Our first, ten-minute excerpt of the piece premiered as part of Rachel Feinstein’s “Last Days of Folly” event in Madison Square Park on September 3, 2014 (sponsored by Performa). You can see pictures from this premiere performance below. In 2016, Little Did reprised a revised version of our Ramayana piece at Threes Brewing bar and event space in Brooklyn. The performance was part of Isaac Gillespie’s music residency which also featured an original mask piece by Sara Jane Munford. In 2017, we performed it as part of Chinese Theater Works’ Shadow Slam.
From 2017-2019, Little Did expanded the piece from a wordless ten minutes to an evening-length full production. By enlisting the help of incredible Indian collaborators in the fields of design, music and puppetry, we created a show for all ages and cultures that’s artistically curious yet culturally sensitive. A Ramayana premiered during October 2019 at the Tank Theater, and featured a multidisciplinary collective of artists inspired by puppetry styles from South Asia, traditional raga music of North India and a “video narrator” from West Bengal. In addition to our 6 shows, we also organized and led 3 different workshops that delved into some of the themes presented, including press-screen puppetry, Carnatic singing and the Ramayana story in the context of Diwali.
An Excerpt from “A Ramayana”:
A Ramayana is made possible in part by the ITE Space Grant for Theater (curated by Leta Tremblay), The NancyQuinn Fund, the Creative Space Grant and the Creative Opportunity Fund (programs of the Alliance of Resident Theatres/New York and the Andrew W. Mellon Foundation). It was also supported by public funds from Creative Engagement, supported by the New York City Department of Cultural Affairs in partnership with the City Council and administered by Lower Manhattan Cultural Council. It was developed in residency with In The Water Theatre Company, Drop Forge and Tool Company, BarnArts and the Center at West Park Object Movement Festival.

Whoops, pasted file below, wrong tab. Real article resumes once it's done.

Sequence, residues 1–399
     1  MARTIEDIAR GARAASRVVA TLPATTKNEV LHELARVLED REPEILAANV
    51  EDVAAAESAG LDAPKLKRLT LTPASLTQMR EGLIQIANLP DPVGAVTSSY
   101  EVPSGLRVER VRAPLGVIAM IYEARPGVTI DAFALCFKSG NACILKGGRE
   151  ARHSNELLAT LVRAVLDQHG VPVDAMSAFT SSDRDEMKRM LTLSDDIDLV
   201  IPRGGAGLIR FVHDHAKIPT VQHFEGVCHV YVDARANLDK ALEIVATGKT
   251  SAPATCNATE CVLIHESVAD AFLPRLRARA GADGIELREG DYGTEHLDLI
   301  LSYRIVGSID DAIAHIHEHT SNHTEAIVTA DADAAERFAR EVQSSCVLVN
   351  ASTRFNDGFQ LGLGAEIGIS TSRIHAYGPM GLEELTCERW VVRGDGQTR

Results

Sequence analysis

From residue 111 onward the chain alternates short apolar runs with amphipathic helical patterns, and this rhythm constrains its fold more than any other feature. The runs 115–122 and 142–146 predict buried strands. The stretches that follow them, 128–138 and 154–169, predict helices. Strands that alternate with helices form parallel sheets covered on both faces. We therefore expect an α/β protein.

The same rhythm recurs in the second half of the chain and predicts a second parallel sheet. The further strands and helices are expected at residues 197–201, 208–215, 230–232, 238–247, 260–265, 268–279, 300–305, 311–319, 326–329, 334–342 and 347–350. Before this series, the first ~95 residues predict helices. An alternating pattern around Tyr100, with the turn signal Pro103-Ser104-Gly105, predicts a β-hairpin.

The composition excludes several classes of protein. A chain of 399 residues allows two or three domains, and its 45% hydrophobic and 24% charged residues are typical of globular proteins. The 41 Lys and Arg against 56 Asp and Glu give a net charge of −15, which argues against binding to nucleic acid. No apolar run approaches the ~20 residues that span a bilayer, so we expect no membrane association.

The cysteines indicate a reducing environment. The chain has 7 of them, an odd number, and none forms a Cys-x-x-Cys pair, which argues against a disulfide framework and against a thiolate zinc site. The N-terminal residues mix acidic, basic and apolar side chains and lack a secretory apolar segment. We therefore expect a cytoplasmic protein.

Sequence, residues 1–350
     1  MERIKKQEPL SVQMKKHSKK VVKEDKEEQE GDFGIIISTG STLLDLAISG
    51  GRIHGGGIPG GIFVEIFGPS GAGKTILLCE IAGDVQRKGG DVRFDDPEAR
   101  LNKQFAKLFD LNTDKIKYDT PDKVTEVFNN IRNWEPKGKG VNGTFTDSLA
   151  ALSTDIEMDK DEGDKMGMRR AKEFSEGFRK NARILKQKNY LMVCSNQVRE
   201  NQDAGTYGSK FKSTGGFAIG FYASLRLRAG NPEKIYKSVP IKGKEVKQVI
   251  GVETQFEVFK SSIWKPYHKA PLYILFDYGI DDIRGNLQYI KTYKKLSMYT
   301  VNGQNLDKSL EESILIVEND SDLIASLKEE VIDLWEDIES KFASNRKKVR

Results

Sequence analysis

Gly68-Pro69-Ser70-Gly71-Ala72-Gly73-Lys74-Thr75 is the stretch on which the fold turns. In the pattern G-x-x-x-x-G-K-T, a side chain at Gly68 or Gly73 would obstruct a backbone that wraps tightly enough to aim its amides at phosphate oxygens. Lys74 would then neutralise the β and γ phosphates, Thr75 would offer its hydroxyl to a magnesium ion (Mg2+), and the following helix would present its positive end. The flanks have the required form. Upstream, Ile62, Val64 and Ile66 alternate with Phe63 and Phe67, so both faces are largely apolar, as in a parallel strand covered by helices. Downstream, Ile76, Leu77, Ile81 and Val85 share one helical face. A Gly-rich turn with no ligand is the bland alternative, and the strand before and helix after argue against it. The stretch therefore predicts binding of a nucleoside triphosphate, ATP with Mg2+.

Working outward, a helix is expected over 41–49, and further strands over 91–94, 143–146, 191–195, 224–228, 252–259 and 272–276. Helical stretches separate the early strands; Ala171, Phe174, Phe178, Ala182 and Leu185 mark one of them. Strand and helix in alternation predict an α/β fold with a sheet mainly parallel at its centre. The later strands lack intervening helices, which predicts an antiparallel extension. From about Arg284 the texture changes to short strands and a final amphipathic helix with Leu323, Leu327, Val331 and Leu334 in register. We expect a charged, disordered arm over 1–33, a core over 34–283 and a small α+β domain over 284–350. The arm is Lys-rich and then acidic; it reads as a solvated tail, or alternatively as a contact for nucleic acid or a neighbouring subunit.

Special Thanks to our incredible donors who made this show possible by donating $5,842 to our crowdfunding campaign: Elyse Levesque, Elizabeth Coan, Joe and Maureen Moses, Starry Krueger, Julie Congress, Bob and Sandy Santy, Monica Mordaunt, Christopher Lowell, Phil Soltanoff, Sarah Whalen, Kemmerer Rebecca, Cole Knapper, Jonathan Moses, Sam Gold, George Peterson, Katherine Goodman, Joe and Patrice Lorence, Teresa Hooper, Denise Baddour, Matthew Keyes, Chrissie Brewer, Ema Holdredge, Deborah Downes, Colin Lord, Kathleen Lord, Matt Caldamone, Steve Carlin, Rachel Derr, Martha Bennet, Debra Navratil, Hugh Brewer, Jacboo Perez, Barbara Peterson, Lee Bilsky and Molly Johnsen